Ayres' approach has proliferated among therapy and educational professionals over the past several decades. It has been met with some resistance within the occupational therapy profession and in other disciplines.[6]

See also[edit]

References[edit]

  1. ^ Smith Roley, Susanne; Mailloux, Zoe; Miller Kuhaneck, Heather (September 2007). "Understanding Ayres' Sensory Integration". OT Practice. 12 (17): CE1-8.
  2. ^ Mulligan, Shelly (1998). "Patterns of sensory integration dysfunction: A confirmatory factor analysis". American Journal of Occupational Therapy. 52 (10): 819–828. doi:10.5014/ajot.52.10.819.
  3. ^ Mailloux, Zoe; Mulligan, Shelly; Roley, Susanne S.; Blanche, Erna I.; Cermak, Sharon (2011). "Verification and clarification of patterns of sensory integrative dysfunction". American Journal of Occupational Therapy. 65 (2): 143–151. doi:10.5014/ajot.2011.000752. PMID 21476361.
  4. ^ Murray, Anita C.; Lane, Shelly J.; Murray, Elizabeth A. (2001). Sensory integration (2 ed.). Philadelphia: F.A. Davis. p. 5. ISBN 0-8036-0545-5.
  5. ^ Ayres, A. Jean (2005). Sensory integration and the child : understanding hidden sensory challenges (25th anniversary ed., rev. and updated ed.). Los Angeles, CA: WPS. p. 5. ISBN 978-087424-437-3.
  6. ^ a b c Parham, D. & Mailloux, Z. (2010). Sensory Integration. In Case-Smith, J. & O’Brien, J. (Eds.), Occupational Therapy For Children (6th ed.). (pp 325-372). Maryland Heights, Missouri: Mosby Elsevier.
  7. ^ Wallace, Mark T.; Stein, Berry E. (1997). "Development of multisensory neurons and multisensory integration in cat superior colliculus". Journal of Neuroscience. 17 (7): 2429–2444. doi:10.1523/JNEUROSCI.17-07-02429.1997. PMC 6573512. PMID 9065504.
  8. ^ a b Smith Roley, S. & Jacobs, E. S. (2009). Sensory Integration. In Crepeau, E. B., Cohn, E. & Boyt Schell, B. (Eds.), Willard & Spackman’s Occupational Therapy (11th ed.). (pp. 792-817). Baltimore, MD: Lippincott Williams & Wilkins.
  9. ^ Marco EJ; Hinkley LB; Hill SS; Nagarajan SS (May 2011). "Sensory processing in autism: a review of neurophysiologic findings". Pediatr. Res. 69 (5 Pt 2): 48R–54R. doi:10.1203/PDR.0b013e3182130c54. PMC 3086654. PMID 21289533.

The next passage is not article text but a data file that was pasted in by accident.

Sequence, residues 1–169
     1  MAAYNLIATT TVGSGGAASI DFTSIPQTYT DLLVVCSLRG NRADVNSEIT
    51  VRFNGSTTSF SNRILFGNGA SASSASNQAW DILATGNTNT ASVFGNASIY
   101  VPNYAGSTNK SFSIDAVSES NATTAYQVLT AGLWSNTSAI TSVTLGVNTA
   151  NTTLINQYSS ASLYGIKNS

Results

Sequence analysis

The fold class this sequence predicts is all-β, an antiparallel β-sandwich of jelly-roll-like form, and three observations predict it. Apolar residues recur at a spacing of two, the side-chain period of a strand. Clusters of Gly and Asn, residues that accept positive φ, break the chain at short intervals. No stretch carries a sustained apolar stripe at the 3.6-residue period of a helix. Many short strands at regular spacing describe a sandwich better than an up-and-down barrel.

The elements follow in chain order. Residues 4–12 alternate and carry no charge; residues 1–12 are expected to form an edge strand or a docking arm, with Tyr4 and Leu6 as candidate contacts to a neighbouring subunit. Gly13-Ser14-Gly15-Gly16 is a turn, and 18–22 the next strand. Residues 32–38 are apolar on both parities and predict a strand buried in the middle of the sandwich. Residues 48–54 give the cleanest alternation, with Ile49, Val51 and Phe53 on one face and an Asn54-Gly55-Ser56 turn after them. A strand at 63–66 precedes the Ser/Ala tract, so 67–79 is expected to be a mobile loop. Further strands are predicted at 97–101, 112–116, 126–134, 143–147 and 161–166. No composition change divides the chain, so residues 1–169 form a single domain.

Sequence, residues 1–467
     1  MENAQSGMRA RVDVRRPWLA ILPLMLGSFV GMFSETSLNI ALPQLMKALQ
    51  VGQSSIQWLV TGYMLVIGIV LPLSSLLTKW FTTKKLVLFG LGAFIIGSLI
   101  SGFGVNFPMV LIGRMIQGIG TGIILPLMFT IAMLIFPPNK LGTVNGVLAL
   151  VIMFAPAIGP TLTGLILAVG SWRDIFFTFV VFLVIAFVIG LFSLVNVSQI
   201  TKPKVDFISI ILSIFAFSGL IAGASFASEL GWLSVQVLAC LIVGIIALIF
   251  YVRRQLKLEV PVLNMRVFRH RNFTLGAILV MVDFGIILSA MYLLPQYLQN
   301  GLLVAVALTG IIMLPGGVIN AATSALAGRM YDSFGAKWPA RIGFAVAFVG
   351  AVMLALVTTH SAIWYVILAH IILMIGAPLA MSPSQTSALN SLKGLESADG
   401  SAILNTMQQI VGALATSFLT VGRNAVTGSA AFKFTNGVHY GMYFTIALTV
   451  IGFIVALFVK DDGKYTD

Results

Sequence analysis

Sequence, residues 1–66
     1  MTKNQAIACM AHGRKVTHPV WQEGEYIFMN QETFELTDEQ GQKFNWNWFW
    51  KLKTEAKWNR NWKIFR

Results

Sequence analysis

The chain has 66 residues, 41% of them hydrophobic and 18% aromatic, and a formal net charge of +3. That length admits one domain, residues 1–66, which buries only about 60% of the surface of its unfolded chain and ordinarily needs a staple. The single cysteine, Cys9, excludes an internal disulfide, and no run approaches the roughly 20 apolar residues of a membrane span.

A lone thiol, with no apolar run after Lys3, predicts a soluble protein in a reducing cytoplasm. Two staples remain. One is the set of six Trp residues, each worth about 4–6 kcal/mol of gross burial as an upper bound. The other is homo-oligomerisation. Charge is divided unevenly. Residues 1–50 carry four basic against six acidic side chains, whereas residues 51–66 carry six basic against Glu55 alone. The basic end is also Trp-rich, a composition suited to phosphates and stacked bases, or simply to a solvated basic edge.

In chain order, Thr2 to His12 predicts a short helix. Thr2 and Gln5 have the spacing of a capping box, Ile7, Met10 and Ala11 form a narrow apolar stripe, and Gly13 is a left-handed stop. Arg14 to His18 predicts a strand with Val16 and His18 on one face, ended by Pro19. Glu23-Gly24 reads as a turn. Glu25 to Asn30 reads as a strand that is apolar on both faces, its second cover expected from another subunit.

10. ^ Dawson, G.; Watling, R. (October 2000). "Interventions to facilitate auditory, visual, and motor integration in autism: a review of the evidence". J Autism Dev Disord. 30 (5): 415–21. doi:10.1023/A:1005547422749. PMID 11098877. S2CID 9012157.
  11. ^ Ghanizadeh A (June 2011). "Sensory processing problems in children with ADHD, a systematic review". Psychiatry Investig. 8 (2): 89–94. doi:10.4306/pi.2011.8.2.89. PMC 3149116. PMID 21852983.
  12. ^ Miller, L. J.; Reisman, J. E.; McIntosh, D. N.; Simon, J. (January 2001). S. S. Roley; E. I. Blanche; R. C. Schaaf (eds.). An ecological model of sensory modulation: Performance of children with fragile X syndrome, autistic disorder, attention-deficit/hyperactivity disorder, and sensory modulation dysfunction (PDF). Understanding the nature of sensory integration with diverse populations. Tucson, AZ: Therapy Skill Builders. pp. 75–88. ISBN 9780761615156. OCLC 46678625. Archived from the original (PDF) on 2012-10-25. Retrieved 2013-07-26.
  13. ^ Barton EE, Reichow B, Schnitz A, Smith IC, Sherlock D (2015). "A systematic review of sensory-based treatments for children with disabilities". Res Dev Disabil. 37: 64–80. doi:10.1016/j.ridd.2014.11.006. PMID 25460221.
  14. ^ Case-Smith J, Weaver LL, Fristad MA (2015). "A systematic review of sensory processing interventions for children with autism spectrum disorders". Autism. 19 (2): 133–48. doi:10.1177/1362361313517762. PMID 24477447. S2CID 44303535.
  15. ^ Schaaf, Roseann C.; Dumont, Rachel L.; Arbesman, Marian; May-Benson, Teresa A. (2018-01-01). "Efficacy of Occupational Therapy Using Ayres Sensory Integration®: A Systematic Review". American Journal of Occupational Therapy. 72 (1): 7201190010p1–7201190010p10. doi:10.5014/ajot.2018.028431. ISSN 0272-9490. PMID 29280711. S2CID 4018104.
  16. ^ Watling, Renee; Hauer, Sarah (September 2015). "Effectiveness of Ayres Sensory Integration® and Sensory-Based Interventions for People With Autism Spectrum Disorder: A Systematic Review". The American Journal of Occupational Therapy. 69 (5): 6905180030p1–12. doi:10.5014/ajot.2015.018051. ISSN 0272-9490. PMID 26356655.
  17. ^ Lane, Shelly J.; Mailloux, Zoe; Schoen, Sarah; Bundy, Anita; May-Benson, Teresa A.; Parham, L. Diane; Smith Roley, Susanne; Schaaf, Roseann C. (2019-06-28). "Neural Foundations of Ayres Sensory Integration®". Brain Sciences. 9 (7): 153. doi:10.3390/brainsci9070153. ISSN 2076-3425. PMC 6680650. PMID 31261689.
  18. ^ a b Hume, Kara; Steinbrenner, Jessica R.; Odom, Samuel L.; Morin, Kristi L.; Nowell, Sallie W.; Tomaszewski, Brianne; Szendrey, Susan; McIntyre, Nancy S.; Yücesoy-Özkan, Serife; Savage, Melissa N. (2021-01-15). "Evidence-Based Practices for Children, Youth, and Young Adults with Autism: Third Generation Review". Journal of Autism and Developmental Disorders. 51 (11): 4013–4032. doi:10.1007/s10803-020-04844-2. ISSN 1573-3432. PMC 8510990. PMID 33449225.